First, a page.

New Radford Degree to Teach Critical Thinking by Design

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Let's get this out of the way quickly: Design thinking is not just for designers.

No, not at all, said Holly Cline, the interim chair of Radford University's Department of Interior Design & Fashion (ID&F). "It's for anyone—executives, nurses, health care providers—anyone who wants to learn a different way of thinking toward solving problems."

This fall, students who want to add to their arsenal of problem-solving skills can enroll in the department's new Master of Fine Arts (M.F.A) in design thinking. All classes will be offered online only, and students can choose to complete the program in two years full time or four years part time.

"I think people confuse what design thinking is. They hear the word 'design,' and they immediately think they need to be a designer," Cline explained. "That's not the case. It is teaching people to think like designers."

Associate Professor Joan Dickinson, the program's coordinator, said thinking like a designer is a process that "involves inspiration, validation and implementation. The design thinking process first involves identifying a problem through research and observation, and then brainstorming to develop ideas aimed at solving the problem."

The process doesn't end there.

"We constantly revisit the problem to make sure our brainstorms and solutions are feasible, viable and human centered," Dickinson said. "This involves rapid prototyping to test our solutions, and these prototypes are changed and redesigned to address the problem continually."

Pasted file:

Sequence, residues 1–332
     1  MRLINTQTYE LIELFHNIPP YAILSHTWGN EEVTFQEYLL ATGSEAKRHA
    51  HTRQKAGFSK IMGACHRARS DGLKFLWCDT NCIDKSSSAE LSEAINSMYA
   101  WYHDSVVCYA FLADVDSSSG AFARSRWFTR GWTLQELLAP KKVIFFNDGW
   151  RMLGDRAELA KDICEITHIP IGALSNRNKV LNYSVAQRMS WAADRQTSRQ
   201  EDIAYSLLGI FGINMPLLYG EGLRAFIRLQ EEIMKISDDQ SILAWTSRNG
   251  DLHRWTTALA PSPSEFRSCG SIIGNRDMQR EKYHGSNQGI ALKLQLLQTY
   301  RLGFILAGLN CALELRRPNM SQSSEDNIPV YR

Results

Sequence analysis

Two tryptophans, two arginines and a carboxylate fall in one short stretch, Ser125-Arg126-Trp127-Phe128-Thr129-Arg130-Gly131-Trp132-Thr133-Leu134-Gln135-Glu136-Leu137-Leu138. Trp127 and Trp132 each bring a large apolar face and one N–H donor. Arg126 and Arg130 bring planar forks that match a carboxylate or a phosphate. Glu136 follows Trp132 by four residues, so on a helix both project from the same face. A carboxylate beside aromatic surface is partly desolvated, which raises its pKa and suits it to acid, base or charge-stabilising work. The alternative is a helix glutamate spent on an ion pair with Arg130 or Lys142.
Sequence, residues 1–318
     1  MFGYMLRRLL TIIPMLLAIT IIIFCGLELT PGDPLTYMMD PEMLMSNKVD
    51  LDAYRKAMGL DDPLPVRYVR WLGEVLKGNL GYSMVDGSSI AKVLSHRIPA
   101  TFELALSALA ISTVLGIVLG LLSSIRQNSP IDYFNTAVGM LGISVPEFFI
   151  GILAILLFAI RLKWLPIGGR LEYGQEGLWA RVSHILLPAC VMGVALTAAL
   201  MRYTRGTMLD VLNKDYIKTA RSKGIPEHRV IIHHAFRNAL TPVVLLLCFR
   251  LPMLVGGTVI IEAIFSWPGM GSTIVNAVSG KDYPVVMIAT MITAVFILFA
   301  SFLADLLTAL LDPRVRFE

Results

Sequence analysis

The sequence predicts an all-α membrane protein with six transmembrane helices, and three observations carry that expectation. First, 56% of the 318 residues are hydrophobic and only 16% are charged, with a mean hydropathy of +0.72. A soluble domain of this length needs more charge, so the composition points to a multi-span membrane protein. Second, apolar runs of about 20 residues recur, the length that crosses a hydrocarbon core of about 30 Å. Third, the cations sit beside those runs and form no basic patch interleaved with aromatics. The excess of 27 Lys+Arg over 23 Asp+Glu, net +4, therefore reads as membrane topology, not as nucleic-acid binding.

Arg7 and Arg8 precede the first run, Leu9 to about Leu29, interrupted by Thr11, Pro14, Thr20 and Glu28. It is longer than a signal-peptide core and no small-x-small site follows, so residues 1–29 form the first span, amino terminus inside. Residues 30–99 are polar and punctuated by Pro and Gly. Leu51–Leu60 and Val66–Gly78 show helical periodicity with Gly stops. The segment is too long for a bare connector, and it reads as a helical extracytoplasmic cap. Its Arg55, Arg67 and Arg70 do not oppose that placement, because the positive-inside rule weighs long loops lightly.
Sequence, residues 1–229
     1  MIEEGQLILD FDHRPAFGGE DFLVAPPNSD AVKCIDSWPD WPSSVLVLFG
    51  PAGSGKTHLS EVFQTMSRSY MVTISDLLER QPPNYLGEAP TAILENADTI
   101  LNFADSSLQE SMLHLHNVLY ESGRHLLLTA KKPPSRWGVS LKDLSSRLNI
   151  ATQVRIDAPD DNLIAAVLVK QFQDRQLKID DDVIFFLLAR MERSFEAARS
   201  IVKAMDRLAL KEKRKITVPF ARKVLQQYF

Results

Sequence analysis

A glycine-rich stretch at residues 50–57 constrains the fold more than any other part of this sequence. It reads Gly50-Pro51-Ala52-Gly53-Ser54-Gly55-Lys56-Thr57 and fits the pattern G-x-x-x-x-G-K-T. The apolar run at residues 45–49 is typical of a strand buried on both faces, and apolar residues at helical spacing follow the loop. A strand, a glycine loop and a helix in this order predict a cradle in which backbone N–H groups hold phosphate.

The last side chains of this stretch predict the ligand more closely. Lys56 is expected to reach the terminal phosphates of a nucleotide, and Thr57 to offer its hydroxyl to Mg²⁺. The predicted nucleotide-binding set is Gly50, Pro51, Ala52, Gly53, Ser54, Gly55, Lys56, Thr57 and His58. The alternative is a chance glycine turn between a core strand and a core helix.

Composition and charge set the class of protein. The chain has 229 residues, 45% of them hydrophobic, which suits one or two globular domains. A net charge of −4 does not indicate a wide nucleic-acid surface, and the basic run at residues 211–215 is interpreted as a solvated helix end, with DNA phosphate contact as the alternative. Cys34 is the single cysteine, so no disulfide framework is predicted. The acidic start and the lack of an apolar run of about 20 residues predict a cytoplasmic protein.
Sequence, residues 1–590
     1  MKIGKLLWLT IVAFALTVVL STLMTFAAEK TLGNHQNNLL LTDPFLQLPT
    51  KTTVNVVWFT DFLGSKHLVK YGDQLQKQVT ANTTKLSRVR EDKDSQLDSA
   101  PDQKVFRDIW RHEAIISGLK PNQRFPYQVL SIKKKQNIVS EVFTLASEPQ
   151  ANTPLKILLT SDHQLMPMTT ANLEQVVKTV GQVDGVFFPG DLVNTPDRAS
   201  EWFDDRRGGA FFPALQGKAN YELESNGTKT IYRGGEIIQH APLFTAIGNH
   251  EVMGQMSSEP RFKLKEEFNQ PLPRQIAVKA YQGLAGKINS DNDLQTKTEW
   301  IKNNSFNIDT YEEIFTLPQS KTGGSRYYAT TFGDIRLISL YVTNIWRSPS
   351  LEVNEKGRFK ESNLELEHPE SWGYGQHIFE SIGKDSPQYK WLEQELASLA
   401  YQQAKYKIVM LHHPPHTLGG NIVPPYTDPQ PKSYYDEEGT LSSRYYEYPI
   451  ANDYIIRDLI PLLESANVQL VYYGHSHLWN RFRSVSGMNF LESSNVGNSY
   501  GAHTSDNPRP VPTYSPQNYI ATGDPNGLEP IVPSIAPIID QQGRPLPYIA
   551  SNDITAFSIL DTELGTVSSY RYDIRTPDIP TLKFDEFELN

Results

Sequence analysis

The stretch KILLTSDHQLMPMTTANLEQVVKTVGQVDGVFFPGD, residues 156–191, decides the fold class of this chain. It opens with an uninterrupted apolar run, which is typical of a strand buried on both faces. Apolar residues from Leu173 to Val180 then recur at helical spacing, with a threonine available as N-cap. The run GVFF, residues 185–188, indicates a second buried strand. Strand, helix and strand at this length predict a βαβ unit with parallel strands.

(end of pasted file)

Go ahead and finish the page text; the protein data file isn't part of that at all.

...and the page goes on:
Some examples of real-world problems that may benefit from the insightful approach taken by design thinkers is providing clean, safe drinking water to developing countries, supplying temporary portable shelters for homeless people and addressing the issue of childhood obesity, Dickinson said.

Developing solutions for such complicated issues requires wisdom from numerous disciplines and occupations. Offering a program that could teach students to develop an interdisciplinary approach to solving problems was the impetus for creating the design thinking M.F.A. Its development involved a team of designers, artists and instructors familiar with this way of thinking.

"If we have somebody from health care and we have somebody from occupational therapy and we have somebody from business and we have somebody from design, it will be a wealth of knowledge brought together to synergize, to tackle solutions," Cline said.

So what are the characteristics of a good design thinker? "People who are flexible and are risk takers," Cline said. "If you’re not a risk taker, this would not be a good degree for you. It's going to teach you to trust your intuition. Intuition is not a God-given talent. It's based on research. It’s all of that stuff you learned helping you make a faster decision."

Design thinkers tend to be "out-the-box thinkers," said DAK Kopec, the newest faculty member hired by Radford University to teach in the M.F.A. program. Design thinkers are "interdisciplinary thinkers who naturally see the connections between three or more factors that combine to form an outcome," he said.

Kopec, an academically trained environmental psychologist who also has worked in "development of healthy environments," said he will strive in his design thinking classes to "teach our students how to think strategically and critically as problem solvers who reject barriers and oversimplification. I want our students to learn how to see a diverse array of opportunities and solutions while rejecting a magic bullet approach."

For information about the M.F.A. in design thinking, visit the ID&F website, or contact Dickinson at or Cline at

Apr 18, 2012
Chad Osborne
(540) 831-761